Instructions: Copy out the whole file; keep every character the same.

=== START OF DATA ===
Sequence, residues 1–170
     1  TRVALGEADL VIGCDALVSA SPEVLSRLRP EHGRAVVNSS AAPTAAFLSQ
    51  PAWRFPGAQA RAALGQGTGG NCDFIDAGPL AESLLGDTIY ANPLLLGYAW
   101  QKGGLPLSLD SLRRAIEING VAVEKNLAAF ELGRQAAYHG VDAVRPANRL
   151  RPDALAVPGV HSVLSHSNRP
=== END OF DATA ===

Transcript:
Sequence, residues 1–170
     1  TRVALGEADL VIGCDALVSA SPEVLSRLRP EHGRAVVNSS AAPTAAFLSQ
    51  PAWRFPGAQA RAALGQGTGG NCDFIDAGPL AESLLGDTIY ANPLLLGYAW
   101  QKGGLPLSLD SLRRAIEING VAVEKNLAAF ELGRQAAYHG VDAVRPANRL
   151  RPDALAVPGV HSVLSHSNRP